Specializing in pet burials
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You can utilize particular embellishments in the decor or give the funeral a beautiful theme if you are preparing a funeral at sea for your beloved ones or pet in Levittown, NY.
You can keep things basic or customize the funeral to your liking while accomplishing burial by the sea in Nassau County. Here are some ocean decor tips to consider while planning to scatter ashes on the sea in Levittown, NY.
1) Creativity With Candles
Many people choose candlelight for their burial by sea rituals in NY. Low illumination makes the event more relaxing, and many people equate the funeral at sea ceremonies with candles.
You can include seashells by using candles. After solidifying, shells will be lodged in the candle, giving it a coastal feel. Shells can be tied to ribbons, and you can also melt the tops of candles and decorate them with little bodies.
2) Flower Decors
Most people want flowers at their unattended sea burials in Nassau County. Some individuals go so far as to purchase enormous floral arrangements to place on top of the casket during unattended sea burials.
If you wish to use seashells in your floral arrangements, glue them to ribbons and wrap them around the stems of the plants. You may also glue the shells directly on the flower petals for a unique effect.
You may also coordinate the flower colors with the beach colors to create a cohesive look. You might also inform others that you intend to have a coastal theme for the funeral at sea so that they can find flowers to fit.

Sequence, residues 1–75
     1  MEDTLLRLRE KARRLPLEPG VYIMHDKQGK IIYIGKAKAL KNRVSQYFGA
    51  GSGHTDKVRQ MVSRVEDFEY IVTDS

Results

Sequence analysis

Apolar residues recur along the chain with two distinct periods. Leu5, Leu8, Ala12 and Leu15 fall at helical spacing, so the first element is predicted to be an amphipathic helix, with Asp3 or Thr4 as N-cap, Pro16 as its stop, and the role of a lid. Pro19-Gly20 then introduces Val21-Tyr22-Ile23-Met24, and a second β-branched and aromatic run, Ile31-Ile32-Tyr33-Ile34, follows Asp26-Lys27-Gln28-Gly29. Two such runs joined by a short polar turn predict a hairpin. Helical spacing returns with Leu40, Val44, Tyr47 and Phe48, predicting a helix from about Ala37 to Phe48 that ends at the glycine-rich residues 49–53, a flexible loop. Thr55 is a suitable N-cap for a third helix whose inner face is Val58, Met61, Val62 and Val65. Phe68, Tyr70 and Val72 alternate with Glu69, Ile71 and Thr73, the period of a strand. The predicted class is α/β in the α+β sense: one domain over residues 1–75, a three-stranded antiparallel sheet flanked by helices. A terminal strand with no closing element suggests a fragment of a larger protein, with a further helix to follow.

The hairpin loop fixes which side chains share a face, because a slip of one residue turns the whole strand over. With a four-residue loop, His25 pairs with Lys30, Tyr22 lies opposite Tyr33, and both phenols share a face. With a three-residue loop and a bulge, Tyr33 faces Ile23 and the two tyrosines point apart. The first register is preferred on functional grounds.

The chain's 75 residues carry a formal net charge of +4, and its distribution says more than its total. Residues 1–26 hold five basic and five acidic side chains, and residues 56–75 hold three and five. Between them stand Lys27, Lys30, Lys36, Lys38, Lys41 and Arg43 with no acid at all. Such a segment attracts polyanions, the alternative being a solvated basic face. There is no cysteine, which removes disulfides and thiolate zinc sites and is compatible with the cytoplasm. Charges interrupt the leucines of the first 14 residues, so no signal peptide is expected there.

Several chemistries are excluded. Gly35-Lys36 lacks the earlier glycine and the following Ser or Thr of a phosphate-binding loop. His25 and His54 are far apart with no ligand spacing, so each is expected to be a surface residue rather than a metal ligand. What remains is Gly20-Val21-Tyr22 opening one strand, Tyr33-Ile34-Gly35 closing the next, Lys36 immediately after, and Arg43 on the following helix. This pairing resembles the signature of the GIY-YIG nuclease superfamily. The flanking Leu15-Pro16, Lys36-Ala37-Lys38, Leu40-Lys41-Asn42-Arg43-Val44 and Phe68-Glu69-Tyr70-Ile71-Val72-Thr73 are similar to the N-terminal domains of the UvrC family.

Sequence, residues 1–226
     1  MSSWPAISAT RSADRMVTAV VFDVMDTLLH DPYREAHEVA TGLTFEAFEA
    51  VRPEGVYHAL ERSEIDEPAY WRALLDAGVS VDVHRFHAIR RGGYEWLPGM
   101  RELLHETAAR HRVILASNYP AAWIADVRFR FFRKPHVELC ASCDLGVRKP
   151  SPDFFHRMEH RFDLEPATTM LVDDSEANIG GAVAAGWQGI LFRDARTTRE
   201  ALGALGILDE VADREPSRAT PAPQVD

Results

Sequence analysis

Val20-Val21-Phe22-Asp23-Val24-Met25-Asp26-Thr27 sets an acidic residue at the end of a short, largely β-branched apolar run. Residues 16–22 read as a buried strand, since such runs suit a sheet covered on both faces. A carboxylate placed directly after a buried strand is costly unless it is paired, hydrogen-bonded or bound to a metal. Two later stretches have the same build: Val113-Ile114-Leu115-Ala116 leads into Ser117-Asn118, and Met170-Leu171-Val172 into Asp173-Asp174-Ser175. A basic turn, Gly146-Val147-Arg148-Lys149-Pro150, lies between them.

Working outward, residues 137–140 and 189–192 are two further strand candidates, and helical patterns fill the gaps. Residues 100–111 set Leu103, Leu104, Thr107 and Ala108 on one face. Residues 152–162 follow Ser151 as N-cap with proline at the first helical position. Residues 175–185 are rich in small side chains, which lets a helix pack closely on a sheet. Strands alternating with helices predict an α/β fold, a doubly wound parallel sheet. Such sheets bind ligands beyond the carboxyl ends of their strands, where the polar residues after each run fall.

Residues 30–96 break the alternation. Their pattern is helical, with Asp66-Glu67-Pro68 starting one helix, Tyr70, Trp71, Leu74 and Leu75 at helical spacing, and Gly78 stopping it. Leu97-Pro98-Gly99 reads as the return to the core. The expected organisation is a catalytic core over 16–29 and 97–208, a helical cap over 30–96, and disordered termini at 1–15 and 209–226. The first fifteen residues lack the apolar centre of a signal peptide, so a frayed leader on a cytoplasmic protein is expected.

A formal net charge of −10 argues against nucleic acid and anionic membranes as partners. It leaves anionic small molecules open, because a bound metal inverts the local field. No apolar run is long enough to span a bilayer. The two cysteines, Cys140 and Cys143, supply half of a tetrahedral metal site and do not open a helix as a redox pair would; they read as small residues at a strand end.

3) Artwork With Images
If you want to incorporate a coastal theme into the unattended sea burials ceremony in Levittown, NY, but don’t want to use a lot of shells; you can achieve the same impact by including images of ammunition and other sea creatures.
You might also use photographs of your loved ones collecting shells or pictures of their shell collection. Additional beach photographs and artwork can also be included. These items can be exhibited near the casket so that everyone paying their tribute can view them, and the funeral tone can be created.
You have several alternatives when organizing a funeral at sea in NY, and you want to be able to incorporate a seashell into the decor theme. The recommendations and tips listed above are just a few to consider as you make your underwater memorial arrangements with the help of the burial services team.
Eternal Peace Sea Burials Offers Professional Funeral At Sea Services In Levittown, NY
If you require assistance in making your underwater memorial plans, please contact Eternal Peace Sea Burials, a sea burial service firm in Levittown, NY. Our compassionate sea burial service staff has years of experience with cremations and can assist you with your arrangements.
Our experienced and caring sea burial representatives near me at Eternal Peace Sea Burials in Levittown, NY, give you detailed information concerning our services for scattering ashes.
You need to make the best decisions for yourself and your family. Moreover, because we recognize the importance of getting it right the first time, we pay close attention to your wants and preferences on unattended sea burials, treating each detail with care and respect.
We at Eternal Peace Sea Burials also offer families the best food catering services in Nassau County. Call us on 631-668-5800 today to learn more about our sea burial near me services in NY.